The same can be said of podcasts. Listeners can subscribe to any podcast they choose and from there, the process of obtaining and listening to them is so simple, the question isn’t why would people listen, it’s why wouldn’t they.


The truth is, videos and blogs may be more visually engaging but they demand full attention, often preventing you from moving from one spot, which (and I personally find this to be the most distressing) removes the possibility of engaging in the ever-popular art of multi-tasking. Podcasts, on the other hand, allow subscribers to engage anytime, anywhere. Even while driving (Hooray for hands-free!).




The ease of use also means not only is it a quick and simple process for content creators and consumers, it is also incredibly inexpensive. This is key for the many start-ups coming out of the woodworks these days.


If you’re not one of the lucky few who have angel investors lined up out the door, you’re probably wondering how to use your limited capital to gain the most traction for your business. Enter, podcasting.


If the idea of starting a podcast hasn’t peaked your interest yet, you might want to consider this: An article by the Washington Post stated that podcast subscriptions have surpassed more than 1 billion. And that was in 2014.


Additionally, RawVoice, a website that hosts and tracks the statistics of more than 30,000 podcasts claims that in only 5 years, the number of unique monthly podcast listeners has tripled from 25 to 75 million.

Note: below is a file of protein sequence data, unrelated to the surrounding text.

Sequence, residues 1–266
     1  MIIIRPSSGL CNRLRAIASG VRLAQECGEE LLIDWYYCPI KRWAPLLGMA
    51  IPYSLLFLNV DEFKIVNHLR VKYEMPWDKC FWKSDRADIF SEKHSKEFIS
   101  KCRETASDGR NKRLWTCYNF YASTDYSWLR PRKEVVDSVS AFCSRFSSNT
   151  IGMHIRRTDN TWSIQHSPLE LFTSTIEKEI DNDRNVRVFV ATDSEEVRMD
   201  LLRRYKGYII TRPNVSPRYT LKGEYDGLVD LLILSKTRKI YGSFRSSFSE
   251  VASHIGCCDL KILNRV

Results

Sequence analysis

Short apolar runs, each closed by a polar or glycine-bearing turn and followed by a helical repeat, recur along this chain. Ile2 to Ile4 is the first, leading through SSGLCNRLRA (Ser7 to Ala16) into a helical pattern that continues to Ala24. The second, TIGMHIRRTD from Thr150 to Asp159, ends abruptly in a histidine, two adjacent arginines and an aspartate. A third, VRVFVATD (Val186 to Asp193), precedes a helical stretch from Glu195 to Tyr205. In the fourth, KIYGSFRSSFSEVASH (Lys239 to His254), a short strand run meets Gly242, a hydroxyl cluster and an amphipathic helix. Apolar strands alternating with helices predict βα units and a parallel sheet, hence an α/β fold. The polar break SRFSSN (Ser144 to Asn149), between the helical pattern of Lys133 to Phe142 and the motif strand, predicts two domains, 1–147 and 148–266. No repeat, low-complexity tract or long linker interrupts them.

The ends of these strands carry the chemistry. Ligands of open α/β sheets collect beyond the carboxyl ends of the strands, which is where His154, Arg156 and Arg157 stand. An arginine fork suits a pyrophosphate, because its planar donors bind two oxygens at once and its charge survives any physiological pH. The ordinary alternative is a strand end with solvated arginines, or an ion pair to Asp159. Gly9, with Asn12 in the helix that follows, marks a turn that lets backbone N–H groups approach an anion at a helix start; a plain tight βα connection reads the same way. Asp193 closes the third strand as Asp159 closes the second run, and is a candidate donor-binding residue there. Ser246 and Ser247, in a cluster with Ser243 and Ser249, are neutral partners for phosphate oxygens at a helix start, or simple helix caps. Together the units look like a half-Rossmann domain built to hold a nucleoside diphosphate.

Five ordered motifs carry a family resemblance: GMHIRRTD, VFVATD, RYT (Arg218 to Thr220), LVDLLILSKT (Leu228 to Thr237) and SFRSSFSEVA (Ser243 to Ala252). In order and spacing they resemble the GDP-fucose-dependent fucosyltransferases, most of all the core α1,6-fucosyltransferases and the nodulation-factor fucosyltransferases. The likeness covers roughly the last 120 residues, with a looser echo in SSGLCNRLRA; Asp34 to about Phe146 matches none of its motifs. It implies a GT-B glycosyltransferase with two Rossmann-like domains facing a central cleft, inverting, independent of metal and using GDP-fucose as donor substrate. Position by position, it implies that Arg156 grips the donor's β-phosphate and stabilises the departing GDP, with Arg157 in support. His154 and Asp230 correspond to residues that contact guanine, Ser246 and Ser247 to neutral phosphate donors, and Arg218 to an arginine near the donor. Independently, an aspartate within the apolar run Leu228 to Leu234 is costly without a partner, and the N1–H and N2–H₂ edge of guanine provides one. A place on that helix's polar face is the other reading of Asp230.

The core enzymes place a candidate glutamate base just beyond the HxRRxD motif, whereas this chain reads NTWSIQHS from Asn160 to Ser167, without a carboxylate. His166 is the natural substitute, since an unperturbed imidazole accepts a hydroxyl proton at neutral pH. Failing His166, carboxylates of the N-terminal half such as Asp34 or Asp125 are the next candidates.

Now, numbers and statistics are one thing but the truth of the matter is the real power of podcasting does not lie in the numbers.

It lies in the loyalty and commitment of the audience. Of all mediums, podcast subscribers are some of the most engaged out there.

A recent study conducted by Edison research found that people who consume podcasts on a weekly basis listen to an average of five per week.


That’s a lot of content being consumed in a week.


Furthermore, because the nature of a podcast tends to be more casual and conversational, many subscribers have developed a level of trust with the host of the show.

The most popular podcasts often sound like they’re chatting with a friend (who in this case is the listener) over the phone, which has boosted consumer trust and loyalty overall.




This leads me to my next and very important point. One of the up and coming trends in marketing is called Advocate Marketing.